Carpenters nail harassment strategy for nonunion rebar installers

Sources: National Labor Relations Board; CP staff

By Don Marsh

NLRB Administrative Law Judge Arthur Amchan has found that representatives of United Brotherhood of Carpenters Local 2012, Seaford, Del., did not violate the National Labor Relations Act by entering a Rydal Park, Pa., job site, and video recording interrogations of a nonunion concrete contractor’s Hispanic employees.

Forcine Concrete & Construction Co. of Malvern, Pa., filed a charge of NLRA violation in July 2010, the month after Local 2012 representatives questioned its Spanish-speaking rebar crew members on their immigration status and work at the Presbyterian Inspired Living job site. NLRB General Counsel filed a complaint in January, alleging the Carpenters violated the Act during a sequence of events:

  • Sporting uniform white hard hats and business casual outfits, four Local 2012 members entered the Presbyterian Inspired site in early June 2010, targeting Hispanic crew members of Forcine Concrete, a subcontractor to general contractor Whiting-Turner Co.
  • One Spanish-speaking Carpenter questioned the workers as a fellow union member recorded interviews with a video camera.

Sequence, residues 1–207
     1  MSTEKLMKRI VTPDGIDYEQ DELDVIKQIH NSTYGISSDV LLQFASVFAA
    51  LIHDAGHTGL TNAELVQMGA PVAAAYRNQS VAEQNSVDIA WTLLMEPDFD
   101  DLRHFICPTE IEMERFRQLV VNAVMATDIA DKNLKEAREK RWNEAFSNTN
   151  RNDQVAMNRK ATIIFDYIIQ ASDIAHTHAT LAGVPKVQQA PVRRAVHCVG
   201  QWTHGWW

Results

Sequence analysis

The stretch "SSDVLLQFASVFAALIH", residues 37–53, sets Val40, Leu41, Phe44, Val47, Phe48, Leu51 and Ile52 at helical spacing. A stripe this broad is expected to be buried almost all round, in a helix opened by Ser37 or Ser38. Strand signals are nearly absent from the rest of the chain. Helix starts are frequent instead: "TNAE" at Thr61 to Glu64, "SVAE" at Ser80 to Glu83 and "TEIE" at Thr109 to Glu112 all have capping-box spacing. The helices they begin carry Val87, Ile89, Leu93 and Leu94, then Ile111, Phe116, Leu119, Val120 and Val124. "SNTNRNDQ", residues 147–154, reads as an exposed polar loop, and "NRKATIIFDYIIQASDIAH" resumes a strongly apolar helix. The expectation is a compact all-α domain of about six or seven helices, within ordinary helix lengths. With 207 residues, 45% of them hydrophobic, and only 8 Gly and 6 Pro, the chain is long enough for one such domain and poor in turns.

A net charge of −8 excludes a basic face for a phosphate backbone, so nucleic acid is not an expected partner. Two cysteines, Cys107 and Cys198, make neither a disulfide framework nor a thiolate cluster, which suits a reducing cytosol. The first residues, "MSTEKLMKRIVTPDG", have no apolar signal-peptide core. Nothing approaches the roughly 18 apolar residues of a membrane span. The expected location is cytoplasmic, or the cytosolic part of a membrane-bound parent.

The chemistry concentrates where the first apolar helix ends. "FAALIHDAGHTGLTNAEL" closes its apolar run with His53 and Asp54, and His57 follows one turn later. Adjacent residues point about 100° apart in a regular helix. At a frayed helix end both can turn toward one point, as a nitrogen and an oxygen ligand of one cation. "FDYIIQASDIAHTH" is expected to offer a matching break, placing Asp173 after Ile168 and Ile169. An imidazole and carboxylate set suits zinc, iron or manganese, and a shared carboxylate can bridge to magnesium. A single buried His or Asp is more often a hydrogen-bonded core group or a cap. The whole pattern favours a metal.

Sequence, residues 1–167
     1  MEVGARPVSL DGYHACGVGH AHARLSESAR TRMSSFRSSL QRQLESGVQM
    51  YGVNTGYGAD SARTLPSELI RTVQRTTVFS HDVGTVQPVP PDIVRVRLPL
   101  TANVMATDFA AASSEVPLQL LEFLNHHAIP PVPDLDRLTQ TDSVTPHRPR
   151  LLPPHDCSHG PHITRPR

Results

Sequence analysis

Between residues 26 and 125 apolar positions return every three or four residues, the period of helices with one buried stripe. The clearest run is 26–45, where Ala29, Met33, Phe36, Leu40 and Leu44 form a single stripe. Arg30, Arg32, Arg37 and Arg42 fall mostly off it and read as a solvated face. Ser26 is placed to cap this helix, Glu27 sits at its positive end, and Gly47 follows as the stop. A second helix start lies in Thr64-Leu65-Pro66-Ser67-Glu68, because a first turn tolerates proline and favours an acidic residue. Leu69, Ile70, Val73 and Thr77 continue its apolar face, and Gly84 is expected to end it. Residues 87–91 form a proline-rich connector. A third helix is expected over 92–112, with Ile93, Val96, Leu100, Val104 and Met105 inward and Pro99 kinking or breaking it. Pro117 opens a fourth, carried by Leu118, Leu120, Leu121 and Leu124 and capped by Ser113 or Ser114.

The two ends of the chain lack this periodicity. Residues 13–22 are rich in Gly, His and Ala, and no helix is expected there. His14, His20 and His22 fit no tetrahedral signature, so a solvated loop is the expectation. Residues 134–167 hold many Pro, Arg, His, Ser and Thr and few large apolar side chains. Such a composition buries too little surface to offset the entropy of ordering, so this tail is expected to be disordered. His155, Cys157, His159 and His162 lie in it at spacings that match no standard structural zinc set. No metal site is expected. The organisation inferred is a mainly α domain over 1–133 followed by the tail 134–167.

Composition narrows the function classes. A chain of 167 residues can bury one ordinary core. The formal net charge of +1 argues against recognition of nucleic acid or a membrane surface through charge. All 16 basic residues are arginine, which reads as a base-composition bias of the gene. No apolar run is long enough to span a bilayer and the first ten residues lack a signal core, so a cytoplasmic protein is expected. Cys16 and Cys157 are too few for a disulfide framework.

• The Carpenters members edited about 18 minutes of footage to a 4.5-minute YouTube production, adding a link to it from the Local 2012 Facebook page.

Judge Amchan notes that a DVD of the interrogations establishes that questioning was done in an intimidating manner and Local 2012 agents bullied the employees. “I find the union representatives restrained and coerced Forcine’s employees when they entered the jobsite and interrogated them about their immigration status and other matters,” he writes. “What is a more difficult question is whether the Union restrained and coerced these employees in the exercise of their [NLRA] rights … Although the union’s conduct may violate trespassing and other laws, I conclude that it does not violate the Act.”

His dismissal of the complaint is subject to NLRB Member review and Forcine Concrete motions. Shortly after the YouTube posting, F. Brian Forcine, president, noted in a statement that the company was voluntarily having all employees’ I-9 forms re-verified and adopting the U.S. Citizenship and Immigration Services’ e-verification service as hiring procedure.